Chromatic linear progressions are more common than diatonic linear progressions as there are more possibilities. Following is an example of a chromatic linear progression within static harmony. Like the previous example, the bass voice descends from the tonic note to the dominant but this time by 5 semitone steps. A middle voice follows the linear progression in parallel minor thirds, whilst a further voice decorates with a chromatic auxiliary note. The minor third, or the compound interval of the minor 10th or its inversion, the major 6th, are the most common intervals for chromatic linear progressions moving in parallel motion. The linear movement is accompanied by notes sustained from the staring chord (A minor): E and A, as is normal for linear progressions. In this instance, the harmonic movement is from Chord I to chord V. Note: This piece is in D minor (hence the D minor key signature) but this section is in A minor.
At bar 26, in the same composition, Mozart employs a combination of diatonic and chromatic linear progressions in contrary motion. There are three linear progressions in all: two rising in parallel thirds and one descending. In spite of this complexity the harmonies produced make perfect sense. However, it is important to note that the preparation and resolution of the discords are governed here by the rules that apply to linear progressions rather than the rules that would normally apply to structural chords. This fact underscores the voice leading nature of this and other voice leading progressions. The progression is again within static harmony and starts and ends on the tonic chord. Note: this section is in A minor.
The descending line is in semitones apart from one tone (from G to F) and the ascending scales are diatonic apart from an augmented 2nd from F to G#.
Linear Progressions in Dynamic Harmony
The following example includes a linear progression moving chromatically from the dominant chord to the tonic. The underlying harmony is dynamic as the dominant is preceded by chord II and the tonic followed by chord IV. The purpose of the linear progression is to temporarily delay and extend the movement of the dynamic harmony. Whilst diatonic linear progressions are deployed most frequently in the bass and sometimes also in the melody, chromatic linear progressions are sometimes used in a middle voice, as here. The linear progression is driven by the the line which descends: B , Bb , A - Ab - G in the tenor voice . The G from the starting chord is retained in bar 12 in the bass but then forms a passing note F which descends to the E in the ending chord. It involves: two diminished 7th chords (one supertonic leading; one tonic leading) and one triad (the supertonic). The normal rules about linear progressions are followed. The chords in bars 13 and 14 retain the D from the starting chord even though this is temporarily displaced in bar 12 by the C# and E auxiliary notes.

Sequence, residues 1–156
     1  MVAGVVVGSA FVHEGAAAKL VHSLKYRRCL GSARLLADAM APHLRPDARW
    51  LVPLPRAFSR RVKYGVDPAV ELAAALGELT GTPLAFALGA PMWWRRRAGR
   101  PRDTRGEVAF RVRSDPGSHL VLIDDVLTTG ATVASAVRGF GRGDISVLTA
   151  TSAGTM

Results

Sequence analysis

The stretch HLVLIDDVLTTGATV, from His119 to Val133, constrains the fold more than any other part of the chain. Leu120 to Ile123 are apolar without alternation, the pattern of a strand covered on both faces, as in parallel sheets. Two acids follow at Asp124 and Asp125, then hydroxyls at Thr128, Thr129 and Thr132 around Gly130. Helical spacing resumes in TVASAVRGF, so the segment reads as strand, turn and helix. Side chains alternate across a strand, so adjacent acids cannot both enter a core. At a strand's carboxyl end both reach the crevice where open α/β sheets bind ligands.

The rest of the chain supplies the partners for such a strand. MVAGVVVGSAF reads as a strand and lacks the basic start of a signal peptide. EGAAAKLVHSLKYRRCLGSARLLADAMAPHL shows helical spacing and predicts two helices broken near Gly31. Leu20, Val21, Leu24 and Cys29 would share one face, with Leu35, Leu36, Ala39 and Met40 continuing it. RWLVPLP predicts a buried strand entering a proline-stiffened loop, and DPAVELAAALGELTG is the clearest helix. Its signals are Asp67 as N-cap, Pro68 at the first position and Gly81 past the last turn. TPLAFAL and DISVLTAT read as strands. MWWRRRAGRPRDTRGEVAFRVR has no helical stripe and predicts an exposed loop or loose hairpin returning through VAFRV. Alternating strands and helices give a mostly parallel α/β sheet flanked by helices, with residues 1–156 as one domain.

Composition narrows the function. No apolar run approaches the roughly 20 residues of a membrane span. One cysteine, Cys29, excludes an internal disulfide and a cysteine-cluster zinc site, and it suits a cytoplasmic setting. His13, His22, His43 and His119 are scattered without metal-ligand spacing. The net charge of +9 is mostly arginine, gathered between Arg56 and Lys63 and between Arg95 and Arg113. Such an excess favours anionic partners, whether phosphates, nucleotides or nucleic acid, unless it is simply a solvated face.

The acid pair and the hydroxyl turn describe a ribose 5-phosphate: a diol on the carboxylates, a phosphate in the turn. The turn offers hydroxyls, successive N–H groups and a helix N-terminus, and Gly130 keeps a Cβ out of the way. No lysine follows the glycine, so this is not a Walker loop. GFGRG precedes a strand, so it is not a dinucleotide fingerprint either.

Linear Progressions Elaborating Dominant Harmony
The third area where linear progressions are important is in the prolongation of the dominant chord. This is similar to the use of linear progressions in tonic static harmony. However, as we have not yet examined the prolongation of the dominant harmony, I will leave this subject until Chapter 5.